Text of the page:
A woman’s pilgrimage to herself through the mother complex: A Jungian reading of selected works by Sylvia Plath
Pridgeon, Sarah Josie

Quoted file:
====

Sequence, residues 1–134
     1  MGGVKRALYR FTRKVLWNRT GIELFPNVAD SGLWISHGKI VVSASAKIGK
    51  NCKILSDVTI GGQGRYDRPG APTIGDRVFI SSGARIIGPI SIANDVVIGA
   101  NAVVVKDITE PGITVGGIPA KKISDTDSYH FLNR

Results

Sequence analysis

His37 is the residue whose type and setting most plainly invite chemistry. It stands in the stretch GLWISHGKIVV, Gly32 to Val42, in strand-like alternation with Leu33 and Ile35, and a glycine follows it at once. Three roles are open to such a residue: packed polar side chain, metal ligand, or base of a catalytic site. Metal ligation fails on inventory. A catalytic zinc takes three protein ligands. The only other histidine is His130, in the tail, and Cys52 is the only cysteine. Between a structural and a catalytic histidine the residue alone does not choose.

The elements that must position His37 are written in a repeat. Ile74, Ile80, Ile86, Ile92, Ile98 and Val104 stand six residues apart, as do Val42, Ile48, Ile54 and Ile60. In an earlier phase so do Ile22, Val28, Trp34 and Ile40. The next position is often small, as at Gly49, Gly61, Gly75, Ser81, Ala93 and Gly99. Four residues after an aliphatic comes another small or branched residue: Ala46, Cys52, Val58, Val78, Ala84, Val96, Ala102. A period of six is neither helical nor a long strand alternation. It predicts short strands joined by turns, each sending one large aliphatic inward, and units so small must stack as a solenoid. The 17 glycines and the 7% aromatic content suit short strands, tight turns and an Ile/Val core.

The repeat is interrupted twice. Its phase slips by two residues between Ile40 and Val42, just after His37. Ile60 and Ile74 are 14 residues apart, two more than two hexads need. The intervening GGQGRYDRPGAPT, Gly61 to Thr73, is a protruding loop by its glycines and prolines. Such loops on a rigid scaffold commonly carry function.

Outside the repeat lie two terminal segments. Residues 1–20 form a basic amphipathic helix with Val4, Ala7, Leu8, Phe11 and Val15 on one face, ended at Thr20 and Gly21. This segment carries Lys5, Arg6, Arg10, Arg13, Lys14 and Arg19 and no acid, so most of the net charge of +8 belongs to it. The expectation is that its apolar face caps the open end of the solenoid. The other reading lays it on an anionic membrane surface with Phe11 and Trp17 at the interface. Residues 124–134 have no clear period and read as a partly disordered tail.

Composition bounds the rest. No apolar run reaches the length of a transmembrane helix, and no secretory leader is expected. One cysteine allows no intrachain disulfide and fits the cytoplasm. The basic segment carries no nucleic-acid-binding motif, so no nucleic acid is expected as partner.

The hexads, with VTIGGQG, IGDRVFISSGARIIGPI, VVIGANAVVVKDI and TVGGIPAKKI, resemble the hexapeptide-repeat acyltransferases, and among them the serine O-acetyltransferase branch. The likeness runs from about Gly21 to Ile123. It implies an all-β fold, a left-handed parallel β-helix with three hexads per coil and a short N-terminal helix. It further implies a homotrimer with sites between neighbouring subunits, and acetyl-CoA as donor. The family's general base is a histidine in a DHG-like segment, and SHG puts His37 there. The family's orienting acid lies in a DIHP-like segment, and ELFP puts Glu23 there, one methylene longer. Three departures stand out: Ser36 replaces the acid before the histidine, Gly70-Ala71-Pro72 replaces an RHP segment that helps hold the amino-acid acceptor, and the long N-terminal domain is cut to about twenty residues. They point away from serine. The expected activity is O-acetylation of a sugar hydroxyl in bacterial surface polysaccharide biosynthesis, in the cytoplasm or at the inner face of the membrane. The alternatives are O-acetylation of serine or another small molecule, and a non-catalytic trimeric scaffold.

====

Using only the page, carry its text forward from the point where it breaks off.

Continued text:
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Sylvia Plath’s work pioneers woman’s experience of herself, her identity, and the ample mental, psychic, emotional and physical phases of female development. Past scholarship has endeavoured to examine her work in terms of the father-daughter relationship, mostly within a Freudian ‘oedipal’ framework. Yet, to date no substantive study has sought to examine the inverse: the effects the mother-complex has had on her work and by implication, her identity and development as an individual, woman, poet and mother. To address this lacuna this study aims to examine the overlooked and highly significant effect the mother-complex has had on Plath’s construction of her identity in her work using anomalous Jungian theory, which posits that above all individuals seek ‘attainment of self’, that is, to unify the various dimensions of their psyche and become whole. I aim to analyse the rich transformative archetypes and symbolism indicative of this personal quest which was augured by her confrontation of the mother-complex. To ascertain the effects and examine such development, the apposite, selected texts for this study comprise the last phase of her works, her late poems (post-1961) and novel (The Bell Jar, 1963), which I have supplemented with her journals (The Unabridged Journals of Sylvia Plath, 2000) and the correspondence she had with her mother (Letters Home: Correspondence 1950-1963, 1975) to provide a thorough and all-inclusive investigation of this phenomenon. Plath’s confrontation of the rudimentary mother-complex and identity construction evident in these texts manifests in the consequential search for role models, the thematic dichotomies of life/death, creation/destruction and perfectionism characteristic of Plath’s work. The theoretical framework used to ascertain this hypothesis includes previously unapplied and befitting Jungian theory, Bowlby’s attachment theory as well as second-wave feminist theory. The foremost theoretical constructs, which highlight the effects the mother has on the daughter’s psyche and psychic growth, emphasises the interconnected dimensions of the psyche using Jung’s concepts of the mother-complex, shadow, persona, wise old woman and animus. Attachment theory demonstrates the preliminary nascence of this mother-complex. Alongside the analytical psychology and developmental models, aspects of second-wave feminism elucidate the impact that psycho-social factors have on identity development, and woman’s inherent ambivalence, as modelled by the mother and other women. This includes Betty Friedan’s ‘feminine mystique’ and how 1950s woman’s potentialities were restricted due to static professional and personal norms; Simone de Beauvoir’s concept of the ‘eternal feminine’ and woman as Other and Judith Butler’s ‘gender performativity’ which confines woman’s capabilities and influence to restrictive gender norms. Altogether this multi-faceted framework provides pertinent clarifications from a new angle for this hypothesis in connection with her mother Aurelia Plath, necessitating the impact of this on her life and work. This study, representative of one poet’s quest to cherchez la femme which follows the inherent need for ‘attainment of self’, can be extrapolated to fit into a broader framework that addresses the customary mother-daughter relationship interconnected with woman’s identity. The expansion of these two fundaments, relative to all women on a (personal and) collective level, is addressed in the last chapter of this study. This challenges the existing conceptualisations thereof to create a new narrative that is conducive to and necessitates woman’s multifarious needs, as an attempt to rewrite and recreate a unique trajectory for the development of the restrictive and prescriptive expectations established in woman’s consciousness, symptomatic of culture, as well as the affinities and aspirations within the collective unconscious.